Episode 52: These 9 ideas can secure the smart home

Security is a big deal for the Internet of things, which is why we’re so pumped about having Beau Woods, the deputy director of the Atlantic Council’s Cyber Statecraft Initiative, on the show to discuss nine new recommendations for securing smart home devices. The Atlantic Council and security research group I Am The Cavalry created the report to as the beginning of what they hope will become a formal framework for smart home devices. Some are basic such as design with security in mind, but others help data privacy and what happens when a device becomes disconnected form the Internet (or the app governing it). For a full list of recommendations please check the report or my summary in PCMag.

The August doorbell cam courtesy of August.
The August doorbell cam courtesy of August.

Before we delve into security, Kevin Tofel and I cover the big Nest drama from last week that extended into this one when former Dropcam CEO Greg Duffy defended the Dropcam employees from Nest CEO Tony Fadell’s insults. Nest isn’t the only company that acts as a smart home platform that had drama. If This Then That also ruffled some feathers as it sent out notices to longtime developers that it was changing the way it requested information from their APIs. I emailed Linden Tibbets, the IFTTT CEO, and got a quick comment, but still have questions. As Kevin and I await our Amazon Dot’s coming the day this show airs, we discussed the Amazon Dash expansion, the longer wait for June connected ovens, a connected wine bottle and the new August doorbell. We end with a plea for y’all to take our survey and tell us what you think. So enjoy the show, and please click here if you’d like to take the survey. (It’s super short).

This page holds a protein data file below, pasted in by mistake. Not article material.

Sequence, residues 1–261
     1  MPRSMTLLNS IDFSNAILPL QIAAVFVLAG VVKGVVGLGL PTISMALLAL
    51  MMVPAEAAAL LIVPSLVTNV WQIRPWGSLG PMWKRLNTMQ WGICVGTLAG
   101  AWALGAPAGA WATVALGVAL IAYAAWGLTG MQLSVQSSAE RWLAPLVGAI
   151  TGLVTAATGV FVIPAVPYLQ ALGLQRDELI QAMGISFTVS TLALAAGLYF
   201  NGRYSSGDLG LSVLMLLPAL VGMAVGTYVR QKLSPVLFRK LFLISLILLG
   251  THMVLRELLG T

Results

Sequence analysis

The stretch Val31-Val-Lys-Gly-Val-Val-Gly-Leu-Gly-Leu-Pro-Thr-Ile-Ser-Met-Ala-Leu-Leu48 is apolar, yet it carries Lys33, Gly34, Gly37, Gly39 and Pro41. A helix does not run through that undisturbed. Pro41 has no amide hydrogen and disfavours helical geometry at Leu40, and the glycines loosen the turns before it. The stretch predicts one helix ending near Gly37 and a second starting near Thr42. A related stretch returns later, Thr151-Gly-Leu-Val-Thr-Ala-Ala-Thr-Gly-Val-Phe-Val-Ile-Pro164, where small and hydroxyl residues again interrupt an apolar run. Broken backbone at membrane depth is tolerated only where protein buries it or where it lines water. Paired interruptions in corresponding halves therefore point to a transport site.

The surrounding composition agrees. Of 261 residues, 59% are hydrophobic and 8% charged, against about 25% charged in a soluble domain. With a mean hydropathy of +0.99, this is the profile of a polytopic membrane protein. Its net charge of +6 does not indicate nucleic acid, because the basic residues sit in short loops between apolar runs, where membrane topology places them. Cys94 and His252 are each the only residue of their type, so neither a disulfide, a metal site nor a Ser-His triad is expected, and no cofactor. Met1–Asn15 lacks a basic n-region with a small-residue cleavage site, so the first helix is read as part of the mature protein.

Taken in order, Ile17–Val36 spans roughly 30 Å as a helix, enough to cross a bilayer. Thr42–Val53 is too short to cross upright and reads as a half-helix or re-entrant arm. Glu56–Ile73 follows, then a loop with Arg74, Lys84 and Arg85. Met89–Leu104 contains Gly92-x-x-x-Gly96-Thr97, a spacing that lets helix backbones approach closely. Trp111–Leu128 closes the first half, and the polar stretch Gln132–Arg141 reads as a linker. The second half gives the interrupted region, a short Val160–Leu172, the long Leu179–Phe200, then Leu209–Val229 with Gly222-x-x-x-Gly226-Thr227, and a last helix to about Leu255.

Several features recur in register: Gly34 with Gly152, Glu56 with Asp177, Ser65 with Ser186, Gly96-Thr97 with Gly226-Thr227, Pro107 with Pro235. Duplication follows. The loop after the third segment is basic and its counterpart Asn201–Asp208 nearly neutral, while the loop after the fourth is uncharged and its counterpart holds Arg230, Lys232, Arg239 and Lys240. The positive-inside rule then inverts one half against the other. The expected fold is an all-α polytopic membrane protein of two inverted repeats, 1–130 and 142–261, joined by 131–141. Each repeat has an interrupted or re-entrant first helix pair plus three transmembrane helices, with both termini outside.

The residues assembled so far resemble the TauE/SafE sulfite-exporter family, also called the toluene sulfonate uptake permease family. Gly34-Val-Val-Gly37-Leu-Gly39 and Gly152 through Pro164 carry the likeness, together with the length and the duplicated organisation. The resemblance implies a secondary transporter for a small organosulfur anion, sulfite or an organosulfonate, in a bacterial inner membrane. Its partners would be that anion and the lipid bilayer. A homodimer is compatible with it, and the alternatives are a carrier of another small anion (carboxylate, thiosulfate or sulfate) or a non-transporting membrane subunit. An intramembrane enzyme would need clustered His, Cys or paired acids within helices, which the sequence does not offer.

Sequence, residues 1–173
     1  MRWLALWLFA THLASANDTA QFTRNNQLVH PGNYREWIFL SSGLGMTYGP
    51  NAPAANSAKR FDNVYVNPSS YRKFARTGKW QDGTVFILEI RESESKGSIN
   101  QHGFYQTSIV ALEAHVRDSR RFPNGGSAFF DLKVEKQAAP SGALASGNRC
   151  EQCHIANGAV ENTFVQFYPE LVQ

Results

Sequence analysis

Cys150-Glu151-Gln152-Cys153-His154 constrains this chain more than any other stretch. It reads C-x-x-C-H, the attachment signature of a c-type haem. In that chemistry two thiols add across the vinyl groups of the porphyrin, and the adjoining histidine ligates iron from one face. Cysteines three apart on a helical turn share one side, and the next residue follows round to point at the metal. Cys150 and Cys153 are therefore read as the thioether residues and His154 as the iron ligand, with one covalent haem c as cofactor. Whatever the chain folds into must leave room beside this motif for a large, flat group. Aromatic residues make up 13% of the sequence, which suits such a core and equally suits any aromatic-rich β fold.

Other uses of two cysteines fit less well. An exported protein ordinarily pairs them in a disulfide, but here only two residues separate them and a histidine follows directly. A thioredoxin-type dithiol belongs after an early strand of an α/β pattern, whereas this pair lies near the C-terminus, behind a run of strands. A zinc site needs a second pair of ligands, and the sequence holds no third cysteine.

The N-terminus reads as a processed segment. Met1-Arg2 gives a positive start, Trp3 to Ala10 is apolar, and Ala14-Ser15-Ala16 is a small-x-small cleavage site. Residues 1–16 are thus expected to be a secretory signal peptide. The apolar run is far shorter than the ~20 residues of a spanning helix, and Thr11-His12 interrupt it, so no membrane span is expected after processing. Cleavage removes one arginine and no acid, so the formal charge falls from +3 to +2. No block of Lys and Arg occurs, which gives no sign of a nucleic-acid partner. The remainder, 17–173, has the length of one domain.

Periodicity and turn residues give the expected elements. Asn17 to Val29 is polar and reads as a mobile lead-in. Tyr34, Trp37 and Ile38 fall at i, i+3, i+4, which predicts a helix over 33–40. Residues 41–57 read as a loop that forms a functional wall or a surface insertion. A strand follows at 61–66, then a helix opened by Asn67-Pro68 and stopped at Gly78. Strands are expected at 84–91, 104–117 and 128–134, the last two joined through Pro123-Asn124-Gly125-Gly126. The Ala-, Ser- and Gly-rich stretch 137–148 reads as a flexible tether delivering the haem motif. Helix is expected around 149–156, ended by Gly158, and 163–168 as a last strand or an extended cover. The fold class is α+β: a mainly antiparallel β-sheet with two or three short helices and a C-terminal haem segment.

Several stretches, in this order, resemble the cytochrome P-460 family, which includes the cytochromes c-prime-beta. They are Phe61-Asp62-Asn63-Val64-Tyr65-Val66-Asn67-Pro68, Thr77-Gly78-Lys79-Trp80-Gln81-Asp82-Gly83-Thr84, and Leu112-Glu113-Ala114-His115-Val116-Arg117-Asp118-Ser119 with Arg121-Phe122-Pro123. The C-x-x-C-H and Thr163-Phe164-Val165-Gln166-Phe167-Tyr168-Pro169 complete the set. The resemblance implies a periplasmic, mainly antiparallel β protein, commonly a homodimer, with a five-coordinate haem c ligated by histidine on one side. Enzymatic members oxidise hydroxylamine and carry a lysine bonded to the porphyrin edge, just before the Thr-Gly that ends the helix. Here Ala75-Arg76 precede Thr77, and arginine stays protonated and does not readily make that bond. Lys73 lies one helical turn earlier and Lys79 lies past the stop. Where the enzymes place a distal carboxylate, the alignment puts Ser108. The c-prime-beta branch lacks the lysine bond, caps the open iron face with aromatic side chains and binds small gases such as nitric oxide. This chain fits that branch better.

Hosts: Stacey Higginbotham & Kevin Tofel
Guest: Beau Woods, The Atlantic Council

  • Nest is run like Apple and that’s not a good thing.
  • If this, then … drama!
  • I like the August doorbell.
  • Security woes are keeping people from the smart home.
  • Here’s how to make the smart home more secure.
  • Take our survey, please!

Episode 28: Warm and fuzzy drones and living with Apple’s HomeKit

Several HomeKit devices finally arrived in the house and were installed with relative ease. I had the Lutron bridge that had come out earlier this summer paired with two dimmer switches, a lamp module and my Nest thermostat, the new Philips Hue bridge that is HomeKit enabled paired to five Hue lights and a Schlage Sense lock installed on my back door. It was a good smattering of devices, but unfortunately it was the wrong smattering, because none of the apps seemed to have a way to bring all of the individual devices together, unless it was through Siri. Listen up as Kevin and I discuss a full review of the products on this week’s podcast.

The outside-facing side of my HomeKit-enabled Schlage Sense lock.
The outside-facing side of my HomeKit-enabled Schlage Sense lock.

We also cover August smart lock’s new video doorbell, keypad and access plans and Savant’s new DIY home automation system. But most of our time is spent on HomeKit, Apple and little bit of comparison between that and other solutions on the market, such as the Amazon Echo. Our guest for the week covers the topic of helping people age in place through the use of drones. Not today’s drones, but a warmer, fuzzier version that is autonomous. Naira Hovakimyan, a professor in Mechanical Science and Engineering at the University of Illinois discusses her research in developing autonomous drones that work with people and don’t frighten people. Listen up to find out how she plans to transition from farming to helping the elderly.

Hosts: Stacey Higginbotham and Kevin Tofel
Guests: Naira Hovakimyan, a professor in Mechanical Science and Engineering at the University of Illinois